Pressure mounts on Germany over rights abuses

human rights

Pressure mounts on Germany over rights abusesPressure mounts on Germany over rights abuses

08 November 2012

According to a recent UN human rights report, Germany needs to improve its record on protecting asylum seekers, police transparency and women's rights at work. Experts and politicians now want the government to react.



Large sections of German society as well as various authorities have come in for considerable criticism in a recent report by the UN Human Rights Committee. The study said Germany needed to make improvements in the areas of treatment of asylum seekers, housing, police treatment of people in custody and women’s rights at work.

Human rights expert Ingrid Hönlinger from the German opposition party, The Greens, demands that the German government follow up on the points listed by the UN committee. "I think that the Federal Republic of Germany has to meet its obligations. After all, Germany is a member state of the International Convenant on Civil and Political Rights,” Hönlinger said.

The list of recommendations includes suggestions to change the German Asylum Procedure Act in order to improve conditions for refugees in the country. Currently, refugees who come to Germay via a so-called “safe third country”, like Greece, are being sent back there.

The UN committee says asylum-seeking refugees who first entered another state before coming to Germany should have the same rights as refugees who come directly to Germany and apply for asylum.

Discrimination by landlords

The report continues by criticizing a provision in German anti-discrimination law. The clause says that landlords should consider the mixture of tenants in their region before taking on someone new.

Petra Follmar-Otto from the German Institute for Human Rights in Berlin says that landlords use this clause to reject migrants and members of ethnic minorities as tenants. "At the moment, the provison is worded in a way that makes it possible to misuse it", Follmar-Otto said. "That's why the the UN committee is asking Germany to change this law."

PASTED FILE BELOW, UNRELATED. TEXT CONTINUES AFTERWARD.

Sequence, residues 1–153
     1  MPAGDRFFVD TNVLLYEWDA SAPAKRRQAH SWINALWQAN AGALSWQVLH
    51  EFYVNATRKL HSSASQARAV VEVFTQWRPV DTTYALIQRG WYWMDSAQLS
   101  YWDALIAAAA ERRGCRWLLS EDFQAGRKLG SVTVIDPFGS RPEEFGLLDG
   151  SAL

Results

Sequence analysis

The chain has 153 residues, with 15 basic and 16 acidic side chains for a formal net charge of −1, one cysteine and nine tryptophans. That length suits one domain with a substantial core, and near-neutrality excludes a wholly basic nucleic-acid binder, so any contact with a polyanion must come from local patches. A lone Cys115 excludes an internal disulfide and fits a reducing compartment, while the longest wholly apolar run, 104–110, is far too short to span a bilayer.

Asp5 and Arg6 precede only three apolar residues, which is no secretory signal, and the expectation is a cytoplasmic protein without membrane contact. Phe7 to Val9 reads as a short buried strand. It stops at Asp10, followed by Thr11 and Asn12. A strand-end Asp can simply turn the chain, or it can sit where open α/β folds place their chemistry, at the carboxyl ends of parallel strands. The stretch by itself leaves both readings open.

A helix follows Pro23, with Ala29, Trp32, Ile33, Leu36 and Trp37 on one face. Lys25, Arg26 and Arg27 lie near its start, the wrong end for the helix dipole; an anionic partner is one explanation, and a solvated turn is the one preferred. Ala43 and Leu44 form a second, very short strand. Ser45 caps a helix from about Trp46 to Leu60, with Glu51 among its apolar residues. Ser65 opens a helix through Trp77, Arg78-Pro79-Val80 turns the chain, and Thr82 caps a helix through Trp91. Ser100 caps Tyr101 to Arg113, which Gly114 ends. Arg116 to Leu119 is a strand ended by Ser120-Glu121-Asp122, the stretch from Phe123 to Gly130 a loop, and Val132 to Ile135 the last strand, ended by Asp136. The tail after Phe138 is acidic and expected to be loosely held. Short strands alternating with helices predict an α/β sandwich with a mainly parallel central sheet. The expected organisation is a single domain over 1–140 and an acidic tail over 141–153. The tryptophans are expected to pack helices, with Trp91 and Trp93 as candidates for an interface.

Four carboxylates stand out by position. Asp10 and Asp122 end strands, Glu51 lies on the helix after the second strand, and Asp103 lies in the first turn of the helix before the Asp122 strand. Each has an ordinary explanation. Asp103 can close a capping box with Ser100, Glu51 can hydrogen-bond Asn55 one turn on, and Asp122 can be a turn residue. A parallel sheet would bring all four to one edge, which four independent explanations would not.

Andreas Hieronymus, Director of the Institute for Migration and Racism research in Hamburg, has come across several examples of this kind of abuse of regulations.

"There are several cases which are currently pending before the courts”, he told DW. “People of migrant origin have been rejected by landlords with the argument that enough migrants were already living in a particular housing block."

Police abuse

The 18-member-body of UN experts also voiced concerns over the ill-treatment of people in custody by police and prison officers, although they made no exact figures available.

Verena Haan, Amnesty International’s expert on police and human rights, says more transparency is needed in this area. "It’s not right that Germany does not have any mandatory assessment of data on human rights abuses committed by police forces," she told DW.

The UN human rights committee suggests that police personnel across Germany should be identifiable by a number they carry on their uniforms. The report also suggests that independent complaints boards should be put in place, where people could report police abuses.

Women disadvantaged at work

The UN experts also criticize the fact that women in Germany often earn considerably less money than men for doing the same jobs. The report demands that the country "firmly strengthen its efforts aimed at promoting women in leading positions in the private sector."

Ingrid Hönlinger agrees with the harsh criticizm by the UN experts on the issue. "Women only make up three percent of the management boards of Germany's 200 top companies," she said.

Women's academic degrees are generally equal or even better than those of their male counterparts, but they rarely manage to climb into top management positions, she added.

Four years to react

As yet, the German government has not yet given a formal answer to the UN committee’s comments. Neither the German Interior Ministry nor Foreign Ministry were willing to give DW a response to the criticism at the time of publication.

With the “to do” list from the current analysis, Germany now has four years in which to put the recommendations into practice before the next report is made. Every four years, the UN Human rights committee monitors member states to see whether the UN Covenant, which came into force in 1976, is really being put in practice.

The monitoring process is based on reports submitted by the states themselves, as well as on UN documents and information provided by independent organizations and NGOs.

Date 08.11.2012

Author Eric Segueda / ar

Editor André Leslie

Source: Deutsche Welle



 1000 Characters left

Antispam Refresh image Case sensitive

JusticeGhana Group *All Rights Reserved © 2007-2013*Privacy Policy